Performing Arts

Messiah goes to Bomas concert


The Nairobi Music Society and Nairobi Orchestra during their joint practice session. PHOTO | POOL

“I think I did see heaven open, and the very face of God,” German-born composer George Handel was quoted by his assistant as describing his feelings when he completed the Hallelujah chorus of his greatest work Messiah.

The Messiah is an oratorio (musical composition based on a religious theme for orchestra, choir and soloists) written in 1741 by Handel, and first performed in Dublin, Ireland, in April 1742.

This choral work that celebrates the life, death and resurrection of Christ has become one of the best known and most frequently performed pieces in Western music.

Handel who was then living in London, composed the work that celebrates the prophesy of the birth of Christ; his sacrifice for humankind; and his Resurrection in 24 days in August -September 1741, during which he barely slept or ate.

So popular is this musical work that it has continued to awe listeners more than 250 years after the composer’s death.

A joint choir comprising hundreds of singers belonging to various choirs in Nairobi accompanied by the Nairobi Orchestra, will perform this enduring composition of classical music, at a special charity concert called “Voices for Hospices” at the Bomas of Kenya on Saturday.

The idea started in the 1980s when a palliative care unit in London held a concert to raise funds and public awareness for their service. By October 2005, that one event had grown into over 500 simultaneous concerts, for over 400 hospice and palliative care services, in more than 60 countries.

The event is now a wave of simultaneous concerts around the world which take place leading up to World Hospice and Palliative Care Day on 8 October.


The Nairobi Music Society and Nairobi Orchestra during their joint practice session. PHOTO | POOL

In Kenya, the mass choir and orchestra come together to perform Handel’s Messiah to raise funds and awareness for hospice and palliative care. The proceeds from the concert go towards equipping the inpatient and chemotherapy unit of the Nairobi Hospice.

The Nairobi Music Society and the Nairobi Orchestra and various choirs numbering more than 400 singers, will be conducted by Dr Duncan Wambugu.

“It is challenging, but exciting to have all these voices singing together and to watch the whole performance come together,” says Dr Wambugu who is conducting the concert for the third time, after previous stints in 2005 and 2018.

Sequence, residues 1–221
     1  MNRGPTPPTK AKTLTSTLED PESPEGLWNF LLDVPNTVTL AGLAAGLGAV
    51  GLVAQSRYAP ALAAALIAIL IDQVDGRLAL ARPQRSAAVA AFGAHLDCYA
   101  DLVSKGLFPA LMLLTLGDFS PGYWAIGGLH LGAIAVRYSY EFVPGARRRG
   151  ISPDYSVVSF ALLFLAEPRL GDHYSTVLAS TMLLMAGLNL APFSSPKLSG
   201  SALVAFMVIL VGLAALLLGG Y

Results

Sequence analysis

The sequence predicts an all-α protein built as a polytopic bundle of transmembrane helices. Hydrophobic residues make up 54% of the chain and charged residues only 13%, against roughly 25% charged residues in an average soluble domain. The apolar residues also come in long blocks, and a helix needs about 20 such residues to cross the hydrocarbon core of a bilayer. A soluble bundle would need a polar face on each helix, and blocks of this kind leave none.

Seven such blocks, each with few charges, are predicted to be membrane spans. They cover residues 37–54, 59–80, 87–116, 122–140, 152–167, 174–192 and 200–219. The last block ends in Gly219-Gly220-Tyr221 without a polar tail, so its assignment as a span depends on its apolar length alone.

He points out that this is the first classical concert of this magnitude taking place in Nairobi since the pandemic. “You can do a concert virtually but there is an energy derived from an audience that cannot be replaced,” he says.

He recalls his first ever performance of Messiah as a young high school boy in the 1990s singing a tenor solo and says that one of the outstanding features of the piece is the number of soloists, from sopranos to tenors, who offer such beauty to the music.

“This is one of the most popular and accessible compositions of all time,” he says about Messiah. “The audience will find the experience enjoyable if you are hearing it for the first time, if you have heard it 100 times before, it will sound different from the last time you heard it. It is mesmerizing”

According to the conductor, it was not an exaggeration for Handel to describe the feeling of the heavens opening up when Hallelujah chorus was complete. “The music is appealing to people of all ages. Even my 4-year-old daughter sings the Hallelujah chorus,” says Wambugu.

“It is extraordinary, from the opening Overture to the closing chorus of Worthy Is the Lamb," he adds. The choirs have each been rehearsing separately, and will then get together with the orchestra to have a run through the programme before tomorrow’s performance.

Among the soloists include Mercy Wambugu (soprano), Evans Wanga (bass), May Ombara (Alto), Mariah Gichu (soprano). Anthony Mwangi who sings a baritone solo says a soloist must convey every emotion of the music to the audience.

“My responsibility is to express the mood of the music and to transport the audience to that place,” says Mwangi. “Handel has a lot of colour and we have to express that colour so that the audience can understand what the music is saying.”

The soloists also include newcomers from the University of Nairobi, Technical University, Kabarak University and Nairobi

The Nairobi Music Society will be joined by choirs from St. Andrew’s Church, the St Paul’s Catholic Church, St Barnabas Church, Our Lady of Consolata Cathedral, Nairobi School, and the Safaricom Choir.

Tickets for the concert cost Sh1,000 shillings for adults and Sh500 for children and will be available at the Bomas of Kenya.

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